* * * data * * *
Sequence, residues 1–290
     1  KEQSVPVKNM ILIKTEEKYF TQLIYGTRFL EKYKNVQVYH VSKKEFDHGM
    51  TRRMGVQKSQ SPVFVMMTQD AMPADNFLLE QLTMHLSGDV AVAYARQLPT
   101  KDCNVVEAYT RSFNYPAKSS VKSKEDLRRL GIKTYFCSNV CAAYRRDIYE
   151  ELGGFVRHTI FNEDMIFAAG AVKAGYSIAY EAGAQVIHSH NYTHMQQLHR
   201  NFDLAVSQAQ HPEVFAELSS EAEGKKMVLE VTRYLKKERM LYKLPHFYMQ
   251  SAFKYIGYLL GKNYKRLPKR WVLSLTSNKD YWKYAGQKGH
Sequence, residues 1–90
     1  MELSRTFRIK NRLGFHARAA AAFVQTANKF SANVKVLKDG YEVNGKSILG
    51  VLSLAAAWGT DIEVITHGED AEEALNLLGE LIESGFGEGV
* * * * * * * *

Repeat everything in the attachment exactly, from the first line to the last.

Sequence, residues 1–290
     1  KEQSVPVKNM ILIKTEEKYF TQLIYGTRFL EKYKNVQVYH VSKKEFDHGM
    51  TRRMGVQKSQ SPVFVMMTQD AMPADNFLLE QLTMHLSGDV AVAYARQLPT
   101  KDCNVVEAYT RSFNYPAKSS VKSKEDLRRL GIKTYFCSNV CAAYRRDIYE
   151  ELGGFVRHTI FNEDMIFAAG AVKAGYSIAY EAGAQVIHSH NYTHMQQLHR
   201  NFDLAVSQAQ HPEVFAELSS EAEGKKMVLE VTRYLKKERM LYKLPHFYMQ
   251  SAFKYIGYLL GKNYKRLPKR WVLSLTSNKD YWKYAGQKGH
Sequence, residues 1–90
     1  MELSRTFRIK NRLGFHARAA AAFVQTANKF SANVKVLKDG YEVNGKSILG
    51  VLSLAAAWGT DIEVITHGED AEEALNLLGE LIESGFGEGV